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Wednesday, August 6, 2014

Before Its Time

It's that time of the season when the grapes begin to change color and the skins tend to soften some. With soft skins the grapes can expand and the clusters begin to tighten up. Only now can the sugars start to accumulate until you get the Brix reading you're looking for.

But it also is a sensitive time within the growing season when everything can go wrong too.

I remember when we had our first batch of grapes in Block One, and, though we were aware of the "bird issue", we didn't put a great deal of concern on the damage they could cause. Little did we know that birds are keenly aware of the sugar content of the grapes. Before we could pick the whites, the grackles flew in one night and completely cleaned us out. Anticipating a repeat, we watched the sugar level within the reds, and decided to pick these early. So did the birds. Again they came in at night and ate every grape hanging on the vines. Only skeletons were left.  Since then we have been using Bird Gard, an automated sound system that screams out Red Tailed Hawk sounds along with distressed bird calls. We have had great success with it.

Late summer and fall tend to bring on the rains, and be a time when tropical storms and hurricanes race up the east coast dumping buckets of rain on our otherwise well cared for grapes. The vines tend to soak up this rain and send it straight up to the grapes. Where once you had a 16% sugar and climbing, following a rain it might drop down to 13 or 14% as the sugar levels get diluted. Two to three points may mean an additional week the grapes have to hang on the vine to regain these losses.

And with summer heat and rain comes humidity. All those latent fungus spores are rejuvenated and can't wait to get growing again. If there has been any skin rupture from the grapes expanding and cracking the skins, that means there is plenty of sugary food for them to have a population explosion. It'll make the bunch of grapes it is growing on no good, and possibly cause it to spread throughout the entire vineyard. It doesn't take long.

So we walk the rows, tasting samples of the grapes to see if they turn from tart to sweet. It is amazing how variety makes such as big difference. One chews a red grape, a Cabernet Franc for example, and you wince at its "sugar-free" pulp. Spitting out the seeds is a reflex action; these are not seedless Concords. From here you  move over just one row, where the Seyval Blanc are; a greenish-yellow hybrid grape that have grapes maybe twice the size of the Cab. Francs. A similar taste test is performed, and the sweetness is incredible. If it wasn't for the seeds, you'd reach in and grab some more. Using a refractometer, I measured the Brix on the Seyval Blanc at 16, which if it was converted to alcohol it would only provide a little more than 8%. (NOTE: the actual conversion includes many factors, like what yeast was used. The true conversion can range from multiplying  Brix x .55 to .61) The Cab. Franc registered just a 6 on the Brix wonder why it tasted bitter.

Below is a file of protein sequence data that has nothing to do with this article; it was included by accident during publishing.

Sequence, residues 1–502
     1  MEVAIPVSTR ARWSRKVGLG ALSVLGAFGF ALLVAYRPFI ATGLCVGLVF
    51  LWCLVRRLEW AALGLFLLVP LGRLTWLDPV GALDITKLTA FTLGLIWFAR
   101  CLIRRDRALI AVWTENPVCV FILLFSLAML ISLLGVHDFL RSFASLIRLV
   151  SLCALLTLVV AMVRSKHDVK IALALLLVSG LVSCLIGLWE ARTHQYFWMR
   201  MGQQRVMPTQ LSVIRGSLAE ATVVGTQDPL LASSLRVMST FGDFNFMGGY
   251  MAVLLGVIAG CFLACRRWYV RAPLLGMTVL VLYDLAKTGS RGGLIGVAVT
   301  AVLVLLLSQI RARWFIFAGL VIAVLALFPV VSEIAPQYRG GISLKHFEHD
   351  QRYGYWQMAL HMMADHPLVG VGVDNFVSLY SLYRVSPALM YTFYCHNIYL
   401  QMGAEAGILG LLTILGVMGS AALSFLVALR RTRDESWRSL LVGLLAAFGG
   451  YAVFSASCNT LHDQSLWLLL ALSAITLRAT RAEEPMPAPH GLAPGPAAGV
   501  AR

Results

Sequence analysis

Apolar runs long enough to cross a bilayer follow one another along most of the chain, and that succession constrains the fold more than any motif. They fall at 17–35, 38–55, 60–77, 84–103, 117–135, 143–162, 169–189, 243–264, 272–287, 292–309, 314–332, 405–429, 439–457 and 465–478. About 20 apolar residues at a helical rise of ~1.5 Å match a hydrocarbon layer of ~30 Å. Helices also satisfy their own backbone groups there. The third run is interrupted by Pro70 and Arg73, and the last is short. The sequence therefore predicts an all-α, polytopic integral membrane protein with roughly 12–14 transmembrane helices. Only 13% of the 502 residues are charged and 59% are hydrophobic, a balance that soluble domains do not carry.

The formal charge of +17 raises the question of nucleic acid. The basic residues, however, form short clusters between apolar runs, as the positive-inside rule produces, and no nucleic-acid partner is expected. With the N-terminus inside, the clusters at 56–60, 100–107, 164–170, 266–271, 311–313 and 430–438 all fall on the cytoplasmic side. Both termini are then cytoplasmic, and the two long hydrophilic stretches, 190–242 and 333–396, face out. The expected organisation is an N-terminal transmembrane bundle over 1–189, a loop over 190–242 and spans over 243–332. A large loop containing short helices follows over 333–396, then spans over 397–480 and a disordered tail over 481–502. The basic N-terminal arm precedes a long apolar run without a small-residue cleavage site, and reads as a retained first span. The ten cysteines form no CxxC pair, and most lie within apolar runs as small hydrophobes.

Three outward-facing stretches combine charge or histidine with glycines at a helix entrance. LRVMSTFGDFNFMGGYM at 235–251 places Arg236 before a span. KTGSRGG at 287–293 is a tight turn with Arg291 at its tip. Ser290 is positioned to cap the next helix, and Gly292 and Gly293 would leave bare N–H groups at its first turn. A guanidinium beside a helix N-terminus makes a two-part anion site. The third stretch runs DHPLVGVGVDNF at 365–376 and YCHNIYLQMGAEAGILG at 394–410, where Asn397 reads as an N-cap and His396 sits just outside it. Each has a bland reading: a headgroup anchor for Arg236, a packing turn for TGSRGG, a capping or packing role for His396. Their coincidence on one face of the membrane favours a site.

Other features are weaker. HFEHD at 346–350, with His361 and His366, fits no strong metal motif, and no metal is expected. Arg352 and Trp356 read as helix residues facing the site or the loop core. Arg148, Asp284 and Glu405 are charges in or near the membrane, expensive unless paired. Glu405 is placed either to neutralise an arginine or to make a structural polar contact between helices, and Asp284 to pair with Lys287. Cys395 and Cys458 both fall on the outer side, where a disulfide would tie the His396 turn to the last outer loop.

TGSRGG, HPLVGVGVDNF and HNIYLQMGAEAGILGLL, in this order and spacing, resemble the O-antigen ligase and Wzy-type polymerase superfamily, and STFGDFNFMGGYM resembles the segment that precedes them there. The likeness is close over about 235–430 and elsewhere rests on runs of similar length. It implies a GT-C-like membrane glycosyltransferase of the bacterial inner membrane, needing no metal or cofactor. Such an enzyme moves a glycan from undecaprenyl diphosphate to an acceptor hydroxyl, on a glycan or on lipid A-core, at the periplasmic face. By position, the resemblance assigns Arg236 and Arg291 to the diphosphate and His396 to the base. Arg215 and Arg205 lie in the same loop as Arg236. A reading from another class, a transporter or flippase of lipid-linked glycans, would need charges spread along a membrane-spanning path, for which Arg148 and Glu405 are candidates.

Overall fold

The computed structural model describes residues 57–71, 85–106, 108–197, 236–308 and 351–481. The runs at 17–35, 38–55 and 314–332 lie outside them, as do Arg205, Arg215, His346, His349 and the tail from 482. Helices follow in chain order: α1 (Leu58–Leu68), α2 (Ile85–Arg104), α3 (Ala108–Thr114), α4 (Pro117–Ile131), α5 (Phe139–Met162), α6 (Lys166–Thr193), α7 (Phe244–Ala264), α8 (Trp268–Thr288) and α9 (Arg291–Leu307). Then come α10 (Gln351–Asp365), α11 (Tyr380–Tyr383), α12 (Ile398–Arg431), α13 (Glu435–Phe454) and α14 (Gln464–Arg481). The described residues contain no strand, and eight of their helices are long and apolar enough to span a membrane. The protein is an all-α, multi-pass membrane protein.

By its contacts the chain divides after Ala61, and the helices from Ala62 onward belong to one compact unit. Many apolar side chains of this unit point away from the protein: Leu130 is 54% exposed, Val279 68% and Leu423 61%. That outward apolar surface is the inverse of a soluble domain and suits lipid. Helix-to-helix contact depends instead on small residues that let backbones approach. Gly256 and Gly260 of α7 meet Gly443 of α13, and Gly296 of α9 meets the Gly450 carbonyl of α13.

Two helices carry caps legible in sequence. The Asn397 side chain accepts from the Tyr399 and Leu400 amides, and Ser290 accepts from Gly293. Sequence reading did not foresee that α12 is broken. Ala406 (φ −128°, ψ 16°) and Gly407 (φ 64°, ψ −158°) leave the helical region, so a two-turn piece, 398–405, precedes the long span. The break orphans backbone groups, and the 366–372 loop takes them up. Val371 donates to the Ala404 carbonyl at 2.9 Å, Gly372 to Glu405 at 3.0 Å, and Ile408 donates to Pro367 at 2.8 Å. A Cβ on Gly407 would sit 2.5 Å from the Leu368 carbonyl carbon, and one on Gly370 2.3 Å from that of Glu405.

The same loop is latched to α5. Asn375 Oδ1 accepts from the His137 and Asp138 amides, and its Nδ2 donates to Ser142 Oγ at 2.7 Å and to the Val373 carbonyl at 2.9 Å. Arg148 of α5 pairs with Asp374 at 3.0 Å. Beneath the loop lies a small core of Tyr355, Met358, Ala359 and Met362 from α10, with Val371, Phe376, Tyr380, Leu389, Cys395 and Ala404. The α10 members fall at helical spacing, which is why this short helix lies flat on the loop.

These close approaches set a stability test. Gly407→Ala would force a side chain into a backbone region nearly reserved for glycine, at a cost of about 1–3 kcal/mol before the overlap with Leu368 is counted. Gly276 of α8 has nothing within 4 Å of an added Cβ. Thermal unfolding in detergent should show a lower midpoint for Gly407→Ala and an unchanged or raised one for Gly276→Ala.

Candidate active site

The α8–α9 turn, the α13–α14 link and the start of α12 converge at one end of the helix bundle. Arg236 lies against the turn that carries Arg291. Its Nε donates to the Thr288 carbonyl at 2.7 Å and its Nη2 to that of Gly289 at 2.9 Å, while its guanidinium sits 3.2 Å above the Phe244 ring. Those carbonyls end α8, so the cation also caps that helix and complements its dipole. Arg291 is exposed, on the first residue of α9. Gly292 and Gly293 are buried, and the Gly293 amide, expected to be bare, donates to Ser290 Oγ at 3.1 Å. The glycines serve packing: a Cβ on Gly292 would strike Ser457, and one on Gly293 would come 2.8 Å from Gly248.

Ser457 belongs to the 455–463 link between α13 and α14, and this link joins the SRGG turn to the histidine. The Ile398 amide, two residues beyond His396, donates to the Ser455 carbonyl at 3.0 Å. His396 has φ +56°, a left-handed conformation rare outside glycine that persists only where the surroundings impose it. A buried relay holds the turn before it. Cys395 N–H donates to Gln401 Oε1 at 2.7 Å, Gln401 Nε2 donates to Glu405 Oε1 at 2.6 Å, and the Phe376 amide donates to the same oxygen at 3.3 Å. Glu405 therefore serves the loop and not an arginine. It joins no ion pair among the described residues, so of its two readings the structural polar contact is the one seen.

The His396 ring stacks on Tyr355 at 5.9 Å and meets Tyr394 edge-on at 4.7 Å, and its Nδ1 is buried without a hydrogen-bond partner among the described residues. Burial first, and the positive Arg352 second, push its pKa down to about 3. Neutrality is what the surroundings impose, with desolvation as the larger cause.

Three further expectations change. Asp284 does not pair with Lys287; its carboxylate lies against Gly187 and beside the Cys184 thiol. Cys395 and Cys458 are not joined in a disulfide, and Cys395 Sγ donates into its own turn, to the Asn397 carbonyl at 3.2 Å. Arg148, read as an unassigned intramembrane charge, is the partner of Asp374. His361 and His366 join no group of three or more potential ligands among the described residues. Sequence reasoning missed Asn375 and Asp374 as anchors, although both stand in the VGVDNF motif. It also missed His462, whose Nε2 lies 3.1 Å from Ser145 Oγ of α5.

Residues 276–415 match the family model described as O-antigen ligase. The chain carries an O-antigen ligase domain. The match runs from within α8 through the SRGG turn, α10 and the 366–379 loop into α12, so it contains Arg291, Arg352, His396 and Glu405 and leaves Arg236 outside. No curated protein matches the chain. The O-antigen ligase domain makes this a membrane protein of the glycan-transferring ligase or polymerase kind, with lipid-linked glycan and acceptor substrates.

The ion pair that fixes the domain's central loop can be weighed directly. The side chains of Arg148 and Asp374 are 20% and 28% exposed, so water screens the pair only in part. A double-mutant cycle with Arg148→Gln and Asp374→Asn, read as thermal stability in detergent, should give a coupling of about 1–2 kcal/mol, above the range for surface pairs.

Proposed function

This year we also are seeing our first grapes from our Petit Verdot and our Cabernet Sauvignon. They deserve to have their Brix determined too, even though we expect a very small harvest. The bunches on the Cabs. are full and plump, a deep red, almost black coloring. While the red grapes in Block One are just turning color, from their grassy green to their final blue-red color, the Cabernet Sauvignon have already turned completely to their final shade. But how is their Brix ? One would think that they would be farther along than the Cab. Francs strictly based on the color, but the results prove they are at about the same sugar level at 5.5%  The half percent is well within any margin of error, in as much as my sampling technique is rather weak because I don't want to waste valuable grapes to do a sampling many weeks before harvest.
So this is the process we go through. Checking the weather. Continuing our spray program. Still pruning to get rid of suckers. Leaf pulling to allow sunlight to reach every cluster (and dry out morning dew). Checking the Brix levels weekly and increasing our frequency of checks as we approach a 20 Brix  or so.

We have looked over our past harvest data and have found that our harvests tend to begin about August 24th and last about a month. Whites first, followed by the reds. I suspect the Seyval Blancs will be right on schedule.....I was hoping maybe a little early but we just received a few days of rain to screw this up. Then the Viognier, followed by both Cabs., the Petit Verdot, and lastly the Nortons. We may actually get to pull some Scuppernongs this year too, but our experience with these grapes is rather on the light side so I have no idea when we will be picking them, though I am guessing later, not earlier.

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